This turmeric recipe creates a true tonic. Definitions of the term range from ‘a medicine that invigorates or strengthens’ to ‘anything invigorating physically, mentally, or morally’. Both are apt descriptions for this drink.

The recipe features a flavor profile which counteracts the bitterness of the turmeric, which many find off-putting. More importantly, it uses all three ways to get the most from the spice.

  1. Using the whole spice, turmeric
  2. Including black pepper to boost bioavailability
  3. The optional addition of coconut milk for fat-solubility. 

With its bright color, dynamic blend of flavors and energizing botanicals, this turmeric drink can serve as a therapeutic tonic or a post-workout recovery drink. To use in lieu of typical turmeric supplement protocols, drink one 1/2 cup serving three times daily.   Yield: 7-8 Servings


  • 3 cups coconut water (or filtered water)
  • 1/2 cup fresh ginger slices or 1/4 cup ginger juice (one 2-inch knob)
  • 1/4 cup fresh lemon or lime juice
  • 6 fresh mint sprigs
  • 1 tablespoon dried turmeric (or one 3-inch knob juiced or 3 tablespoons grated)
  • 1/4 teaspoon cardamom
  • 1/8th teaspoon sea salt
  • 1/8th teaspoon black pepper (or cayenne)
  • 2 teaspoon raw honey (optional)
  • 1/4 cup full-fat organic coconut milk (optional)


This Turmeric Anti-Inflammation Drink recipe works with or without a juicer and with either fresh or powdered turmeric. A blender can also be used to process the roots with a small amount of the filtered or coconut water. Combine all the ingredients in a sealable, BPA-free 750 ml (at least 3 cups) container, such as a Nalgene bottle. Add more filtered water or coconut water (including the optional coconut milk) to the top and refrigerate overnight. When ready to drink, strain out the large particles and serve over ice.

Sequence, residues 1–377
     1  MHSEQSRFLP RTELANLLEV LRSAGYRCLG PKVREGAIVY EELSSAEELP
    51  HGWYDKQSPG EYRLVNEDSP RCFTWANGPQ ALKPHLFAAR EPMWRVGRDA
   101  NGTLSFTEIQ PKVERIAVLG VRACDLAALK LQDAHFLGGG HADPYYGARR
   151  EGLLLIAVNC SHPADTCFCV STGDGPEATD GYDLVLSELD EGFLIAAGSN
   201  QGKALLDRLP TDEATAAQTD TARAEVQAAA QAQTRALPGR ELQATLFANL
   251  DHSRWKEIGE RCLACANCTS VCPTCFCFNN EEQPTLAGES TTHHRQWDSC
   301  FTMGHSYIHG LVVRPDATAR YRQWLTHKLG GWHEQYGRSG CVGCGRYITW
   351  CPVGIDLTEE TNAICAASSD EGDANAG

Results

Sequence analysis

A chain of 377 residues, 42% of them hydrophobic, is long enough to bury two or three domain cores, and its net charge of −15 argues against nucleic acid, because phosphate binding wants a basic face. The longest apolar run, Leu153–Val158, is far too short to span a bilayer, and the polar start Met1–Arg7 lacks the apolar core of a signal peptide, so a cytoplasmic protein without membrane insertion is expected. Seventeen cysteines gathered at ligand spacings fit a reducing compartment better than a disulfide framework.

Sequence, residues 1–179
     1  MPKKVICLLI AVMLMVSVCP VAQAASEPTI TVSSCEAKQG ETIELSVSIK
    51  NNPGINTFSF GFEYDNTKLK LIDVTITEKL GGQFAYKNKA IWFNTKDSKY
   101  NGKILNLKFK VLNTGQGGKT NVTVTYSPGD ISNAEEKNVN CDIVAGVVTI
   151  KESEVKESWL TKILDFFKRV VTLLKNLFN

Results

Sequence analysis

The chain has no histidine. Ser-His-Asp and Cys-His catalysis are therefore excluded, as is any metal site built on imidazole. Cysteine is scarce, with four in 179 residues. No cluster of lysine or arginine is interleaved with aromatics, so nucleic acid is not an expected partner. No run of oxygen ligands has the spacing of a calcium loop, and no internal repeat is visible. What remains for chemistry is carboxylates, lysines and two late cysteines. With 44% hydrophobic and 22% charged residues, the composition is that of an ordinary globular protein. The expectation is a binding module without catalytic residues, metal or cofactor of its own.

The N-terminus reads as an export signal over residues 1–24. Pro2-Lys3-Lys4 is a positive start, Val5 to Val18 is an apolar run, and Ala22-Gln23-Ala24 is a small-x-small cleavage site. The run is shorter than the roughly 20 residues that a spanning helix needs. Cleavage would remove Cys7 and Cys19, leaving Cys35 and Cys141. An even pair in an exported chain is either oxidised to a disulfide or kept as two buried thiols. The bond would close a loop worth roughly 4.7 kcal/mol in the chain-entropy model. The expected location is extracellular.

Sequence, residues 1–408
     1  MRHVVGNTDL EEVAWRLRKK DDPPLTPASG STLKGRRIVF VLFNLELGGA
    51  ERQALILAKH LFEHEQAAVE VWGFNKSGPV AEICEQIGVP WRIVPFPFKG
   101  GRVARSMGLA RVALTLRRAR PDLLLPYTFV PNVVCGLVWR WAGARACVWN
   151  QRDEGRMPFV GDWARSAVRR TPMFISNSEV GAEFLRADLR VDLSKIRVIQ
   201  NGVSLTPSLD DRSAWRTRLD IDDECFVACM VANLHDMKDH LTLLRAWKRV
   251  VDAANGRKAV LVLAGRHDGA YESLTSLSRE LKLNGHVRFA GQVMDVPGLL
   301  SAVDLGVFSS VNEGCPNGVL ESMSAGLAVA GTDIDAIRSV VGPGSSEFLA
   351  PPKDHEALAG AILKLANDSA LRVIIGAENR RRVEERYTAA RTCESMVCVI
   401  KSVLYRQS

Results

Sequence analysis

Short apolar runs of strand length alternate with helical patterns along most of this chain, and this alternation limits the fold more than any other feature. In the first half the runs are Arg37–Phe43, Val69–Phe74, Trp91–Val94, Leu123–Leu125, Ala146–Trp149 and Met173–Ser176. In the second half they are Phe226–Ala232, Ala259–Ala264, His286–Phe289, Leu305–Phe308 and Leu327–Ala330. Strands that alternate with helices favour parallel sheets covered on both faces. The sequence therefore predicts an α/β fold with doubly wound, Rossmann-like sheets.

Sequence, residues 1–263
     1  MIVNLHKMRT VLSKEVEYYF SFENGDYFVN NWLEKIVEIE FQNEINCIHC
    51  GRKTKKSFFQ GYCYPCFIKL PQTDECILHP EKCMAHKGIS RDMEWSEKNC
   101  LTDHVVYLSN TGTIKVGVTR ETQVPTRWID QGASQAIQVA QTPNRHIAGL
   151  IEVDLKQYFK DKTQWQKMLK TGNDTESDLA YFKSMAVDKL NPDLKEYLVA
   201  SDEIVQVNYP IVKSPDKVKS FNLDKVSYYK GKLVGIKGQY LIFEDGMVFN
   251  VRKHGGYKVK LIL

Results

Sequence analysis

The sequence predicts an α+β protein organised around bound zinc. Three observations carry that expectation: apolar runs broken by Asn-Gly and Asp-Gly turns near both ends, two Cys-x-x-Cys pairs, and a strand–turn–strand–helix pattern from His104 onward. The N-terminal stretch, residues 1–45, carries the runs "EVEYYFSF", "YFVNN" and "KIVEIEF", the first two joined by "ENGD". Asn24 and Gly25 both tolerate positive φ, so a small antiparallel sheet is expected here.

I am often asked for recommendations for turmeric supplements. I have not used turmeric supplements myself. So, I asked my functional medicine RD colleagues and they provided the following suggestions.

  • Meriva from Thorne Research
  • Longvida from Douglas Labs
  • Also, look for products which include CurQfen as the active curcumin ingredient in both professional and retail products.


[1] Safety and anti-inflammatory activity of curcumin: a component of tumeric (Curcuma longa). J Altern Complement Med. 2003 Feb;9(1):161-8.
[2] “Spicing up” of the immune system by curcumin. J Clin Immunol. 2007 Jan;27(1):19-35. Epub 2007 Jan 9.
600 Reasons Turmeric May Be the World’s Most Important Herb
[4] Curcumin: the Indian solid gold. Adv Exp Med Biol. 2007;595:1-75.
[5] Natural Products and Molecular Therapy, First International Conference. New York, NY: Annals of the New York Academy of Sciences, Vol. 1056, 2005.
[6] Phase I clinical trial of curcumin, a chemoprotective agent, in patients with high-risk or pre-malignant lesions. Anti-cancer Res. 2001; July-Aug 21:2895-2900.  
[7] Is Turmeric As Effective As Fourteen Other Drugs? Sacred Plant’s Ingredient, Curcumin, Holds Key To Health Benefits? Medical Daily.
[8] Bioavailability of Curcumin: Problems and Promises Mol Pharmaceutics Vol. 4, NO. 6, 807-818
[9] Dietary turmeric potentially reduces the risk of cancer. Asian Pac J Cancer Prev. 2011;12(12):3169-73.
[10] Turmeric Health Benefits: Have a Happy New Year With Turmeric. Andrew Weil, MD
[11] Why You Should Always Eat Pepper with Turmeric. Michael Greger, MD
[12] Biochemical Basis of Enhanced Drug Bioavailability by Peperine: Evidence that Peperine is a Potent Inhbitor of Drug Metabolism. J Pharmacol Exp Ther. Vol. 232, No. 1 


Boosting the Bioavailability of Curcumin (Video) – Michael Greger, MD
Three Reasons to Eat Turmeric – Andrew Weil. MD
Turmeric Research Summary – Green Med Info
Recommended Brands of Turmeric – The Ethnoherbalist

Originally published on 11.25.14, revised on 9.18.15